Utility of a repeated EUS at a tertiary-referral center

John DeWitt, Kathleen McGreevy, Stuart Sherman, Julia LeBlanc

Research output: Contribution to journalArticle

42 Citations (Scopus)

Abstract

Background: The utility of a repeated EUS by experts is not known. Objective: To define the utility of a repeated EUS for the same indication. Design: A retrospective case series. Setting: Tertiary-referral hospital in Indianapolis, Indiana. Patients: Consecutive subjects, with and without cancer, who, between January 2000 and September 2006, underwent an initial EUS elsewhere within 6 and 12 weeks of a repeated EUS at our hospital. Interventions: A repeated EUS. Main Outcome Measurements: Clinical impact of a repeated EUS. Results: Of 8936 EUS examinations, 73 repeated procedures (0.8%) were identified, and 24 were excluded. The 49 initial EUS procedures (26 men, median age 59 years) were done in Indiana (n = 44) or another state (n = 5) by one of 15 physicians in private practice (n = 48) or at a teaching hospital (n = 1). An EUS-guided FNA (EUS-FNA) was performed during an initial EUS in 21 patients (no biopsy diagnostic for cancer) and was not attempted in 14 patients. The principle indication for a repeated EUS (n = 35) was for an EUS-FNA after the initial tissue sampling was benign, nondiagnostic, or not done. A second EUS had no clinical impact in 18 patients (37%). In the remaining 31 patients (63%), a repeated EUS provided a new or changed clinical diagnosis (n = 12), the initial diagnosis of primary pancreatic cancer (n = 5) or GI stromal tumor (GIST) (n = 1) after a previous nondiagnostic biopsy; or the initial diagnosis of primary (n = 4) or metastatic (n = 2) pancreatic cancer, metastatic esophageal cancer (n = 1), hilar cholangiocarcinoma (n = 1), GIST (n = 1), or pancreatic neuroendocrine tumor (n = 1), or an initial aspiration of a pancreatic cyst (n = 3) after a previous EUS-FNA was not able to be performed. Limitations: A retrospective design; a small number of nonpancreatic indications. Conclusions: In this study, a repeated EUS at a tertiary-referral center had a clinical impact in 63% of patients when performed by experts for a similar clinical indication.

Original languageEnglish
Pages (from-to)610-619
Number of pages10
JournalGastrointestinal Endoscopy
Volume67
Issue number4
DOIs
StatePublished - Apr 2008

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Tertiary Care Centers
Endoscopic Ultrasound-Guided Fine Needle Aspiration
Pancreatic Neoplasms
Neoplasms
Klatskin Tumor
Pancreatic Cyst
Biopsy
Neuroendocrine Tumors
Private Practice
Esophageal Neoplasms
Teaching Hospitals
Physicians

ASJC Scopus subject areas

  • Gastroenterology

Cite this

Utility of a repeated EUS at a tertiary-referral center. / DeWitt, John; McGreevy, Kathleen; Sherman, Stuart; LeBlanc, Julia.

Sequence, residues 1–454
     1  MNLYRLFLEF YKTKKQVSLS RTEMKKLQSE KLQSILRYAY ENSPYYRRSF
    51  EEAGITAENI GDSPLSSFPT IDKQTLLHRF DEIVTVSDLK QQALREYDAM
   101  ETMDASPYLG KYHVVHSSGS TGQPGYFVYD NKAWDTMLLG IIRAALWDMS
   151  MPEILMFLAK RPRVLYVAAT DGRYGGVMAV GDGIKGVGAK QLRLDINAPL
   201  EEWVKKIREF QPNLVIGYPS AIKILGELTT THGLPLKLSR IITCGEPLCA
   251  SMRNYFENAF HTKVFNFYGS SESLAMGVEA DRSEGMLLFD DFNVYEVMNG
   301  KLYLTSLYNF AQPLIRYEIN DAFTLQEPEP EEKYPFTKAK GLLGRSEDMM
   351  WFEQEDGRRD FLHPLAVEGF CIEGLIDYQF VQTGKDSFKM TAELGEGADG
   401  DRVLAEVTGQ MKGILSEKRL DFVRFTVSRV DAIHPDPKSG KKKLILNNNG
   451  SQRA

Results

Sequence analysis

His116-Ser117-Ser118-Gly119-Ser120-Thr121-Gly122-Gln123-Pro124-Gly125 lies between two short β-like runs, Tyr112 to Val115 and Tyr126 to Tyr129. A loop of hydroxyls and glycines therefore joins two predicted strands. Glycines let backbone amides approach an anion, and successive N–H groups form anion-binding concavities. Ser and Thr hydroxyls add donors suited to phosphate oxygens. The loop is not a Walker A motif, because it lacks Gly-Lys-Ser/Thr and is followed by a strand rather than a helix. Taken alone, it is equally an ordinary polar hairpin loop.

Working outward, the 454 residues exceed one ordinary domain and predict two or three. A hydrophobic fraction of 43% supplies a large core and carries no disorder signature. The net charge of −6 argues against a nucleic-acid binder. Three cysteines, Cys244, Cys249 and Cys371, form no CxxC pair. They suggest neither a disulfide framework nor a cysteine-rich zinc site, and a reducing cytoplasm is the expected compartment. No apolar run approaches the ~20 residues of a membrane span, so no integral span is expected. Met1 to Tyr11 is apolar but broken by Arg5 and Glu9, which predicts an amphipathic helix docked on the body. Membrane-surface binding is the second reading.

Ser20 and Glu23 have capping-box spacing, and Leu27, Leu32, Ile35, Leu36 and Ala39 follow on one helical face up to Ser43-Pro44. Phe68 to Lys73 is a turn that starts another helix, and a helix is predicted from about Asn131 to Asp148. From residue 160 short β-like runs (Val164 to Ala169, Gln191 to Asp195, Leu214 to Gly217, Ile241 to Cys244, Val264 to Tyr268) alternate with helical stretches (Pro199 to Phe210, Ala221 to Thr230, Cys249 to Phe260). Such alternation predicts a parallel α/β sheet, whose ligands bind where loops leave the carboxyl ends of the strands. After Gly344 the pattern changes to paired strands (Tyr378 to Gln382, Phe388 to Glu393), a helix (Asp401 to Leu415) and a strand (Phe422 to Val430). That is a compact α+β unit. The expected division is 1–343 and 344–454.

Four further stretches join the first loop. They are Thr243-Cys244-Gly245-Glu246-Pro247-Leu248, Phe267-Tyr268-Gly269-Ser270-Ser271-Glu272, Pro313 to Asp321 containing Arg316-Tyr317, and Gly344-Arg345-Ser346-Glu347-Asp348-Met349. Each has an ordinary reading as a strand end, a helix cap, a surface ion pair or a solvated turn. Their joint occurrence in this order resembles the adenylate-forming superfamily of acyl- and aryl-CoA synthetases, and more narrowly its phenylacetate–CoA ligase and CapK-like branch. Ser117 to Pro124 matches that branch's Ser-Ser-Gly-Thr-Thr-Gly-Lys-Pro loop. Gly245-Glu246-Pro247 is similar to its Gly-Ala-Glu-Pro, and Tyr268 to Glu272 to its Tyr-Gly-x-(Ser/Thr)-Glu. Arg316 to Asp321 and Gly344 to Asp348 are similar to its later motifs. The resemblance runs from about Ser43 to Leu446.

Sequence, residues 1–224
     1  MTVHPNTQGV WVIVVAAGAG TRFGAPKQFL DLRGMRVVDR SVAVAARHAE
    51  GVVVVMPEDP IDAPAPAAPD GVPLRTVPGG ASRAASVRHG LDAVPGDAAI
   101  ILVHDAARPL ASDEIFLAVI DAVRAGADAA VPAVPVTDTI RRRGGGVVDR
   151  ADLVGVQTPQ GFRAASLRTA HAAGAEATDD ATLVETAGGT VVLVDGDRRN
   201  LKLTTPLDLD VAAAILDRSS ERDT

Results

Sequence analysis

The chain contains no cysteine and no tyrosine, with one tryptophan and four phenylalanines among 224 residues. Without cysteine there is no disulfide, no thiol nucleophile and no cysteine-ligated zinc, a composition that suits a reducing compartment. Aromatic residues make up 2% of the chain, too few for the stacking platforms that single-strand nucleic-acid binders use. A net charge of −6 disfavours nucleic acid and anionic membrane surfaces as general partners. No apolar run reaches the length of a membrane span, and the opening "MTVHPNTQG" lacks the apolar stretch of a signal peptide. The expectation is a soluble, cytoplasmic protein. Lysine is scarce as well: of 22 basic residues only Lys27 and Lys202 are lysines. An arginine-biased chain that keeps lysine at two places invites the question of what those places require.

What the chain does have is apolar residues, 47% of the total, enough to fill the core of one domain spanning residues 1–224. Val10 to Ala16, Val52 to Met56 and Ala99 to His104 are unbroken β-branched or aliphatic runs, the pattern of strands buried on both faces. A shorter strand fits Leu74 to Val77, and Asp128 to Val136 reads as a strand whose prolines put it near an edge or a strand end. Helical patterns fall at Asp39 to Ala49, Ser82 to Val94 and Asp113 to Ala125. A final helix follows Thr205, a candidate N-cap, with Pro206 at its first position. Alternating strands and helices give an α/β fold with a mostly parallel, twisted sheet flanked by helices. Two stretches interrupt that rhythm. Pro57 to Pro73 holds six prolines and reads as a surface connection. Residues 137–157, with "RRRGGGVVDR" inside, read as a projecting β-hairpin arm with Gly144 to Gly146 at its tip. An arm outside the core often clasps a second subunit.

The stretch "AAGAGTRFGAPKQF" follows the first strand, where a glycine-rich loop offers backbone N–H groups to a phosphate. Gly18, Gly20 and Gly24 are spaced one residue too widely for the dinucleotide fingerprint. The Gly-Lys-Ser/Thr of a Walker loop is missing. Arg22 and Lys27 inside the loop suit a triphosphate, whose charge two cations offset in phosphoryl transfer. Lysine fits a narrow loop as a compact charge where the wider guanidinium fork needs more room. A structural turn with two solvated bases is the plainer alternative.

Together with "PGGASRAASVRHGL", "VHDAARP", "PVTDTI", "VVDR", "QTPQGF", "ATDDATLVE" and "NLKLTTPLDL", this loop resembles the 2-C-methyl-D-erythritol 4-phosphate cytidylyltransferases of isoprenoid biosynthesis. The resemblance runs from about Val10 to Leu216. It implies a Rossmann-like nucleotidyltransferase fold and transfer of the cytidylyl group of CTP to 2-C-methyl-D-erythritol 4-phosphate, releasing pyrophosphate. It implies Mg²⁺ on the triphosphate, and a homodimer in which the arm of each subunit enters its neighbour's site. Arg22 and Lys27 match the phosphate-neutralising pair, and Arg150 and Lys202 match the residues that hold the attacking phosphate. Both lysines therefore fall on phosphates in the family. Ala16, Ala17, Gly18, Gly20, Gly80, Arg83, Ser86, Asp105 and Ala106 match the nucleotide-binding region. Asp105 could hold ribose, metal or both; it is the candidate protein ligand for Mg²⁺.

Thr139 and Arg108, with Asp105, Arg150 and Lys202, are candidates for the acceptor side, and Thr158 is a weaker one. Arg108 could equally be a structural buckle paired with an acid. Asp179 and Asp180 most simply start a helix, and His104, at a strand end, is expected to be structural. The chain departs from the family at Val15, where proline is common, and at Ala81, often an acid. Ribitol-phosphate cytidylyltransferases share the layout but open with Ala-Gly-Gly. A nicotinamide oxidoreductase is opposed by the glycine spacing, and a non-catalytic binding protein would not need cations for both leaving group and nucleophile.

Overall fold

In: Gastrointestinal Endoscopy, Vol. 67, No. 4, 04.2008, p. 610-619.

Research output: Contribution to journalArticle

DeWitt, John ; McGreevy, Kathleen ; Sherman, Stuart ; LeBlanc, Julia. / Utility of a repeated EUS at a tertiary-referral center. In: Gastrointestinal Endoscopy. 2008 ; Vol. 67, No. 4. pp. 610-619.
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abstract = "Background: The utility of a repeated EUS by experts is not known. Objective: To define the utility of a repeated EUS for the same indication. Design: A retrospective case series. Setting: Tertiary-referral hospital in Indianapolis, Indiana. Patients: Consecutive subjects, with and without cancer, who, between January 2000 and September 2006, underwent an initial EUS elsewhere within 6 and 12 weeks of a repeated EUS at our hospital. Interventions: A repeated EUS. Main Outcome Measurements: Clinical impact of a repeated EUS. Results: Of 8936 EUS examinations, 73 repeated procedures (0.8{\%}) were identified, and 24 were excluded. The 49 initial EUS procedures (26 men, median age 59 years) were done in Indiana (n = 44) or another state (n = 5) by one of 15 physicians in private practice (n = 48) or at a teaching hospital (n = 1). An EUS-guided FNA (EUS-FNA) was performed during an initial EUS in 21 patients (no biopsy diagnostic for cancer) and was not attempted in 14 patients. The principle indication for a repeated EUS (n = 35) was for an EUS-FNA after the initial tissue sampling was benign, nondiagnostic, or not done. A second EUS had no clinical impact in 18 patients (37{\%}). In the remaining 31 patients (63{\%}), a repeated EUS provided a new or changed clinical diagnosis (n = 12), the initial diagnosis of primary pancreatic cancer (n = 5) or GI stromal tumor (GIST) (n = 1) after a previous nondiagnostic biopsy; or the initial diagnosis of primary (n = 4) or metastatic (n = 2) pancreatic cancer, metastatic esophageal cancer (n = 1), hilar cholangiocarcinoma (n = 1), GIST (n = 1), or pancreatic neuroendocrine tumor (n = 1), or an initial aspiration of a pancreatic cyst (n = 3) after a previous EUS-FNA was not able to be performed. Limitations: A retrospective design; a small number of nonpancreatic indications. Conclusions: In this study, a repeated EUS at a tertiary-referral center had a clinical impact in 63{\%} of patients when performed by experts for a similar clinical indication.",
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